A Better HDD Fluted Reamer By Design

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A Better HDD Fluted Reamer By Design

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From hardpan and soft rock to cobble, fluted reamers are one of the most productive and popular reamer options for horizontal directional drilling contractors. As the teeth of the reamer grinds up material, the fluted channels flow material to the backside of the hole, and the reamer’s tapered body creates a strong wall.

Used on small utility horizontal directional drills all the way up to pipeline maxi rigs, the fluted reamer is a universal tool found in the tooling fleet of most HDD crews.

However, did you know that while most fluted reamers may look the same, there is a significant difference in the quality of body construction among tooling manufacturers? How a fluted reamer is made can impact performance, rebuild-ability and the overall life of the tool. 

Cast body design

A cast fluted reamer body is formed by pouring molten metal into a mold. When the metal cools, and the mold is removed, what is left is a single solid flute body. While the molds come at a significant investment for manufacturers, each reamer produced is identical and balanced for optimal performance. A drill spud is inserted into the reamer and is welded securely.

Fabricated body design

Fabricated fluted reamer bodies are built by welding together several pieces of metal onto a drill spud. It’s a highly manual process that requires skill and attention to detail. If a fabricated reamer isn’t balanced, it may not rotate rotation evenly in the hole and potentially cause premature wear. 

Impact on performance

Welding is involved when creating any piece of HDD tooling; however, the number of welds to produce a tool can impact your productivity and profitability.

Fewer welds on fluted reamers also mean there are fewer failure points. Aggressive ground conditions can lead to a lot of wear on a reamer. As the reamer’s teeth wear down, the fluted body design becomes critical. Fabricated bodies with more welds can tear apart, while a single casted body will wear evenly.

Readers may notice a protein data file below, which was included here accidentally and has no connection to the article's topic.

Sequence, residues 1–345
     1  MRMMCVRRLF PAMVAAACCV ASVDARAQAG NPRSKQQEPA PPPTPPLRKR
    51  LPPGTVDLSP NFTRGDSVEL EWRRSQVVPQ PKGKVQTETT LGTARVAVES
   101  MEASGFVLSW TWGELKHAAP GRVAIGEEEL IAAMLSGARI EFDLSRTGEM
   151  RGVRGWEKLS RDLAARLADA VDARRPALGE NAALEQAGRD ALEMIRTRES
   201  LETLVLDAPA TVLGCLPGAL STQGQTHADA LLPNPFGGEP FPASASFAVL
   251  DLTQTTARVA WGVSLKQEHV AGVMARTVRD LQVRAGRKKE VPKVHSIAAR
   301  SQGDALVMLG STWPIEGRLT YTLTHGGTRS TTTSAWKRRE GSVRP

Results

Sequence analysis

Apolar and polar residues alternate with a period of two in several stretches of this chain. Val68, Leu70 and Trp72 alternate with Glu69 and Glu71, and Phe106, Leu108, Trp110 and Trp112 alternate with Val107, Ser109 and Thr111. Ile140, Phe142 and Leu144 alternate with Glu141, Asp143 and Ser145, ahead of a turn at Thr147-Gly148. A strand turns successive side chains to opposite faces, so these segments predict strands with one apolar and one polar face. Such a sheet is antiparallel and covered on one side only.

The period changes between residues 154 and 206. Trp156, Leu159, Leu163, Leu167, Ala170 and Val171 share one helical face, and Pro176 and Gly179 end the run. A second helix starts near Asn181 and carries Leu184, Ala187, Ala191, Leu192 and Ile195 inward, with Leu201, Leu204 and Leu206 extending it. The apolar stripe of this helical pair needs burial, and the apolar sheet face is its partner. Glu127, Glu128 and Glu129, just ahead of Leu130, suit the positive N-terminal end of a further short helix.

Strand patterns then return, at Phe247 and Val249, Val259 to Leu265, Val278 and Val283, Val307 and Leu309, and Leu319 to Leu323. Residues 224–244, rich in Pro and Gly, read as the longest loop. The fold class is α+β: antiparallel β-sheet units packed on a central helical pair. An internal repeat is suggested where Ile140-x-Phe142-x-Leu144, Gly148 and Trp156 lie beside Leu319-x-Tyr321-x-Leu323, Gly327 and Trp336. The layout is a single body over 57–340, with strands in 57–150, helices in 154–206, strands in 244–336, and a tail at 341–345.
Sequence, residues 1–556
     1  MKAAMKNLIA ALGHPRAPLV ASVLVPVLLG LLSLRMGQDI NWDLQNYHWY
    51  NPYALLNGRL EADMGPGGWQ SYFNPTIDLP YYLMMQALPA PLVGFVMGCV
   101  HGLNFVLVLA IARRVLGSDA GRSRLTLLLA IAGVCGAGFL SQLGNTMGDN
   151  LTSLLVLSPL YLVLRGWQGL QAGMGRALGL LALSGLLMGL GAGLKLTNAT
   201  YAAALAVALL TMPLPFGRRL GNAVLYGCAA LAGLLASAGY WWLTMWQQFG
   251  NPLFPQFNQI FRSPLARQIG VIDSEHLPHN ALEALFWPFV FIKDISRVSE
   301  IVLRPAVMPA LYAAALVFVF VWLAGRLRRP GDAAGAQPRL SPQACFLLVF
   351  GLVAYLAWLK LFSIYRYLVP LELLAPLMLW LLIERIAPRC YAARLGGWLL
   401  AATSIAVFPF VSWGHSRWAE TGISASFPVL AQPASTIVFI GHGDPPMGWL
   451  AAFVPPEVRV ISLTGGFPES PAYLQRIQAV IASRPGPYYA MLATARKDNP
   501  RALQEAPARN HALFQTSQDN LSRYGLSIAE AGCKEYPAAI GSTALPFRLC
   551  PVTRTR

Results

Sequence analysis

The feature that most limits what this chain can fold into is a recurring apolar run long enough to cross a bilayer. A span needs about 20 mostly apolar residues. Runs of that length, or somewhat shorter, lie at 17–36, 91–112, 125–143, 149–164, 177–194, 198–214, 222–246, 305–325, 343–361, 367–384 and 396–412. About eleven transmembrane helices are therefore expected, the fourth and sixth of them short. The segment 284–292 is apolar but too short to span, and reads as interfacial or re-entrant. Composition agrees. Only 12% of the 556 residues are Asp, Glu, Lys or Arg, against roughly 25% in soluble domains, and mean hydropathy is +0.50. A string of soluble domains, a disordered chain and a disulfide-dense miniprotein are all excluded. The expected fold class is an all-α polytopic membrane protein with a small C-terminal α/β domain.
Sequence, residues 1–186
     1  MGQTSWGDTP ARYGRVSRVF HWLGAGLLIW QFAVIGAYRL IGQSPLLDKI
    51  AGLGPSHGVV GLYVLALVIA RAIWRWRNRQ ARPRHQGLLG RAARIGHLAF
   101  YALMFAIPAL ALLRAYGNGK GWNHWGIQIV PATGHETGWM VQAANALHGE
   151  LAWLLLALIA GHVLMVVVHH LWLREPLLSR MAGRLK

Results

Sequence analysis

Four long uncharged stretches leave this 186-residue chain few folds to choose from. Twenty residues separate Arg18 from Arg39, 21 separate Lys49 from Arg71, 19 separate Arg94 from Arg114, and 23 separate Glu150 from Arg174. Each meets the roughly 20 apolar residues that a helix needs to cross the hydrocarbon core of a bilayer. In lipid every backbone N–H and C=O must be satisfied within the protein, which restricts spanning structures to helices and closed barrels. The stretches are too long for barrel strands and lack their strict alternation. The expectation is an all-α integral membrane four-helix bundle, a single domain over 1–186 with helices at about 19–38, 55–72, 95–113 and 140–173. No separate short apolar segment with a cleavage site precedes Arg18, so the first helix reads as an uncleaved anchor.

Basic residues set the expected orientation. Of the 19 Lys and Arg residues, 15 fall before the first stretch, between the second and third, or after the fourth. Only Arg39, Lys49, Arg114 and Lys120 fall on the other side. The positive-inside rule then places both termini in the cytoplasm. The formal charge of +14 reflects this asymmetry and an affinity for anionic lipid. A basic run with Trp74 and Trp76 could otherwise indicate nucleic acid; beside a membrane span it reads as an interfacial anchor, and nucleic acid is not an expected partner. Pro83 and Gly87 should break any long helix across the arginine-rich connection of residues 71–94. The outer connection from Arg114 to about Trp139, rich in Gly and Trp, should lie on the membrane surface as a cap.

Impact on rebuild-ability

When it comes time to rebuild your reamer, making new welds on top of old ones is not recommended. The connections won’t be as durable, thus reducing the amount of time between rebuilds. Those shorter rebuild intervals will cost you time and money, and potentially reduce the life expectancy of your reamer.

Since cast reamers only have welds connecting the reamer body to the spud, it’s much easier and faster to perform a rebuild and if implemented correctly, it should last longer than what you would get with a fabricated flute body. 

Available sizes

There are many advantages to selecting a cast body fluted reamer. As you shop around, keep in mind that many companies only offer cast body options up to a 16-inch model. After that, the reamer is fabricated.

Vermeer is one of the only tooling manufacturers who has invested in the equipment required to cast fluted reamer bodies all the way up to 40-inch models. Each fluted body is engineered with an opening that is size-appropriate for the drill spud it will be paired with. This design provides a higher quality tool than a one-size-fits-all approach.

All Vermeer fluted reamers are built using cast 1030 steel, which delivers outstanding durability. Depending on the size of reamer, the teeth and carbide mesh grit hard facing on Vermeer fluted reamers are robotically applied for consistency and longevity.

As you can see, most fluted reamers may look similar, but there can be huge differences. When you invest in quality, you will maximize productivity and the time it takes to rebuild a reamer, as well as yield a longer life from your tooling choice. Visit Borestore.com to learn more or reach out to your local dealer to learn more about Vermeer reamers.

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